January 28th, 2011 / 2:31 pm

There Are Always Things On My Mind


One of the things I love most when ordering a book from Amazon.com or a subscription from one of the well-established literary magazines is I know I can trust I will receive what I ordered in a reasonable amount of time. I know I am not just throwing my money into the wind and hoping for the best. Often times, however, when I order books and magazines from smaller outfits, it feels like a real crapshoot. Maybe I will receive what I ordered, maybe I won’t. Maybe what I ordered will arrive during the timeframe promised, maybe it won’t. More often than not, it feels like I have to track down small press books and magazines I’ve ordered and if I forget I’ve ordered something, I’ve essentially donated that money with nothing but, perhaps, good karma, to show for it. I’ve contributed to several Kickstarter projects and only received what was promised by two. I don’t really care but still, if you say you’re going to do something, you should do it otherwise you really undermine yourself and lose potential customers.

At times, I feel like we eschew professionalism. We don’t use contracts. We don’t stick to timelines. We don’t send out review copies in advance. Sometimes, I think we don’t bother trying to do what the bigger presses our doing because we think we can’t. Word Riot has proven that wrong. Paula Bomer’s book, for example, was reviewed in Publisher’s Weekly and had a mention in O Magazine. We don’t communicate effectively. We don’t update our websites or we delete our archives without notifying our authors. I’m generalizing here, but these things happen all the time and it can be frustrating, as a consumer, as a writer, as an editor.

I wonder if this is a matter of logistics and expertise, small presses run by people for whom that press is not their primary vocation. As an editor, I know firsthand the challenges of distribution and order fulfillment. At PANK, we’re okay at getting things out but we could be much, much better. It’s not for a lack of wanting to be better, though. We want to be a model of efficiency. When you’re doing all the work though, efficiency is difficult. Perhaps if more small presses worked together, combining what they’re good at and ceding control to others for what they’re not so good at, we could all be better and working more professionally.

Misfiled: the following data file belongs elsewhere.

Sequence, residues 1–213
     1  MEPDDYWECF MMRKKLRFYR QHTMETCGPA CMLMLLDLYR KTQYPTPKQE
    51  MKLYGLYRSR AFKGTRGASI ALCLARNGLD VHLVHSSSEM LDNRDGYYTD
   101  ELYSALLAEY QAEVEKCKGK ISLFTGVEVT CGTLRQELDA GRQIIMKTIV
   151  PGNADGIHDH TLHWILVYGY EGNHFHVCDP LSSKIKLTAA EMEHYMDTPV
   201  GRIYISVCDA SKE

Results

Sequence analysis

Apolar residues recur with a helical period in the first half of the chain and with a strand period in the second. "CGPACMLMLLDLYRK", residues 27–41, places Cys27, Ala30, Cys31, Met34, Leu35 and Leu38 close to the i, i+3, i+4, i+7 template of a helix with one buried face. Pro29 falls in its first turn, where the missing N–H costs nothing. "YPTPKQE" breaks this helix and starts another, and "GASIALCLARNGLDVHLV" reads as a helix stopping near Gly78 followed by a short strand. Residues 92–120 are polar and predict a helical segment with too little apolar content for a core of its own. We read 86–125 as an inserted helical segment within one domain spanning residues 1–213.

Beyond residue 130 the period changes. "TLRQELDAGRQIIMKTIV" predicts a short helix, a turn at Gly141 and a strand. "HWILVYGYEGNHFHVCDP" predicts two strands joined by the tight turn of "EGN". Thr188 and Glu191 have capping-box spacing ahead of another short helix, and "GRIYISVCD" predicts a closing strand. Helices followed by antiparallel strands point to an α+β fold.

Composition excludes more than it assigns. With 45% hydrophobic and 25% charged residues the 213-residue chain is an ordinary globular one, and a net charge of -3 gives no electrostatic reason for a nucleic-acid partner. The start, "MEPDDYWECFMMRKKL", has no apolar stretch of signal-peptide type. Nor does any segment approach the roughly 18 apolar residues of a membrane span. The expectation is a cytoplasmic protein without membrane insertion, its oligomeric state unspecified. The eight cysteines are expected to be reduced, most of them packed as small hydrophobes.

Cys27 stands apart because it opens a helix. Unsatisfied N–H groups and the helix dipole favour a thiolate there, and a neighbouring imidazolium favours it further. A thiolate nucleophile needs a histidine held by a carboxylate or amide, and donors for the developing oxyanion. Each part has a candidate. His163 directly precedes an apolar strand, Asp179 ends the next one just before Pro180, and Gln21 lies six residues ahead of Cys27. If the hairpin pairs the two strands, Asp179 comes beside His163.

All of this, in a way, connects to something Molly Gaudry who runs Cow Heavy Books, blogged about, and something she and I have discussed recently—how small (micro) presses might work together more effectively and efficiently. If I remember correctly, the guys at Barrelhouse have also been interested in this idea of collective for quite some time too.

Molly writes:

Sometimes I feel like all of these micro-presses are trying so hard, and yet doing things so inefficiently. We all work our butts off, and we all do everything: We all do all the editing, all the design (well, I hire David McNamara of Sunnyoutside to do my prepress, but I know a lot of you do your own design); we all do all the publicity, all the marketing, all the packaging and shipping, and all the web stuff, too. Dark Sky’s website is really great-looking, right? And we all know that some other presses’ websites aren’t so great (I mean, I did my best with the Cow Heavy site and it’s okay, but it’s not great by any stretch). So why don’t we all come together and have one big website to showcase all our books? ISBNs are expensive, right? So why can’t we all come together and instead of each of us forking over $325 (which is a lot of money, right?) for ten ISBNs, why aren’t we buying a block of 1,000 and splitting the $1,075 like 20 ways so that we each end up with 50 ISBNs for what comes out to be about dollar a pop? Yes, they’d need to be owned by the same purchaser, the same “group,” but there’s nothing stopping us from forming that group. An association of sorts. With each of the publishers being a member of the board. And of course the board would have to vote and decide on things. But we’d still be able to maintain our own individual presses, aesthetics, and operations. I mean, obviously we’re all control freaks and that’s why we’re all doing our own little niche things in the first place, but on some practical levels it only makes sense to come together and pool our resources and be a little more efficient, which is only in all of our own best interests.